The president is like a one-man game of Telephone: he hears information from wherever or whomever but when he repeats it back, the facts are thrown in the air and come down as surrealist jabberwocky.
Michael Winship, The Huffington Post, 24 July 2017
Jabberwocky, defined as "meaningless speech or writing," was the title of a nonsense poem written by Lewis Carroll included in his 1871 novel Through the Looking-Glass, and What Alice Found There.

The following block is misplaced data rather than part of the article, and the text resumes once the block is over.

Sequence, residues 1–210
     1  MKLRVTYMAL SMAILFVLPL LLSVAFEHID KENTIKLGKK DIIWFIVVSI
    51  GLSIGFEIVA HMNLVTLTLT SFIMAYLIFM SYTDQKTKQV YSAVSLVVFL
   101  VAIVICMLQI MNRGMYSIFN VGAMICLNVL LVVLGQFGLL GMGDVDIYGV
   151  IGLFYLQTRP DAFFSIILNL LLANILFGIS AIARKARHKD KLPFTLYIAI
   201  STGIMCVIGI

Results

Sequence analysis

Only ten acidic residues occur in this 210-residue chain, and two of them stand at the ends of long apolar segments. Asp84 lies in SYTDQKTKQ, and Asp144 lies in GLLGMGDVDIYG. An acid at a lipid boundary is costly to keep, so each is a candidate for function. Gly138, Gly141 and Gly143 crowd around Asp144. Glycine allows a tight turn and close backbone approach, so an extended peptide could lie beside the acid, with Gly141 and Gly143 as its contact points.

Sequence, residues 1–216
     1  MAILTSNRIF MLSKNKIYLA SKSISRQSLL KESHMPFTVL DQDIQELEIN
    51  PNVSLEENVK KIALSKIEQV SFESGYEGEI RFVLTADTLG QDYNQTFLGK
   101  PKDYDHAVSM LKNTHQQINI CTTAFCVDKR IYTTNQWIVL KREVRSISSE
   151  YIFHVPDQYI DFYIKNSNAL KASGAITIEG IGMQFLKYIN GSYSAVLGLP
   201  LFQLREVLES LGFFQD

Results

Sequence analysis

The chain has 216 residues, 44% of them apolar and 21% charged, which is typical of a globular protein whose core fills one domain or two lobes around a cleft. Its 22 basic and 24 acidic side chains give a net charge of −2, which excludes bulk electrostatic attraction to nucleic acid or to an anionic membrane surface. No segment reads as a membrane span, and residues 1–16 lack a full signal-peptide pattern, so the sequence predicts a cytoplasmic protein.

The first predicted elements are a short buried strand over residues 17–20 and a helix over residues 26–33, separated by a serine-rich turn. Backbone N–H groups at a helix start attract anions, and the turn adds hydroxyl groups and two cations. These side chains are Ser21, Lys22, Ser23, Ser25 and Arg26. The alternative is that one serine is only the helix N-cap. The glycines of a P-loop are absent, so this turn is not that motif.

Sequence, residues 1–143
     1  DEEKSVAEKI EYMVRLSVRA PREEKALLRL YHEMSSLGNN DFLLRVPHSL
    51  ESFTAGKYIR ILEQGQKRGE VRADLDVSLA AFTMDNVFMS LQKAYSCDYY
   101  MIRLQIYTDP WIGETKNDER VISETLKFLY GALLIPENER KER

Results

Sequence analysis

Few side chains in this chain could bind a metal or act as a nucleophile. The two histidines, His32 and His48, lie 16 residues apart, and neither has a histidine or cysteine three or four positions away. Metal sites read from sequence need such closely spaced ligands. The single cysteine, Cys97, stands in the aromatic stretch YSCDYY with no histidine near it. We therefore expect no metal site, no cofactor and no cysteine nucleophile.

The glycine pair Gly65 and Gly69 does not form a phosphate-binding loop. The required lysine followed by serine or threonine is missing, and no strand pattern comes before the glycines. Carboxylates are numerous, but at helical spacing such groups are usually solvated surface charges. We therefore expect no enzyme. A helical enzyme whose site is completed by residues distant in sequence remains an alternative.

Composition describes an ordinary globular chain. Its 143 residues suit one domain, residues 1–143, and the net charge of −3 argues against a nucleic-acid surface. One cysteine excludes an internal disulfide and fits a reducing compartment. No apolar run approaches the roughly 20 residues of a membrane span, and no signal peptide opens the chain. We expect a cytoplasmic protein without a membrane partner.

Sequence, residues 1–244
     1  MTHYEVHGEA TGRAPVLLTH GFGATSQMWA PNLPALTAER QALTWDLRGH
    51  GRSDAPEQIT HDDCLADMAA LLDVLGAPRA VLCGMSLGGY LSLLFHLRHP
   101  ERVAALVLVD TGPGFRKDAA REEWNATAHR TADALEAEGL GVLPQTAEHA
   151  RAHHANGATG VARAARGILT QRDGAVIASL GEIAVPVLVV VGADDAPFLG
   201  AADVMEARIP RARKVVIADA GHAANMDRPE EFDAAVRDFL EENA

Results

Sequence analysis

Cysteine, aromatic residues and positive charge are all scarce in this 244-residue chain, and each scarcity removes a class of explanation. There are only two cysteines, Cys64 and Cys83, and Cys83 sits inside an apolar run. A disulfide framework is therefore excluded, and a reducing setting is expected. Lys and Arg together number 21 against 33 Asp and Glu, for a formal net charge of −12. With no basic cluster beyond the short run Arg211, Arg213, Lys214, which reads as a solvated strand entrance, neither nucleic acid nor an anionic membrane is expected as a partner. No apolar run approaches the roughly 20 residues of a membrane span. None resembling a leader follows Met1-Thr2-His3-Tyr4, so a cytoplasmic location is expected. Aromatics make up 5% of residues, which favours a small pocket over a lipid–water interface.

Carroll began writing the poem even before the novel's prequel, Alice's Adventures in Wonderland, was published in 1865. "Jabberwocky" is noted for its lexicon of creative nonce words, including brillig, frabjous, and mimsy, which have no inherent meaning but invite fanciful interpretation from the contexts in which they appear ("O frabjous day!").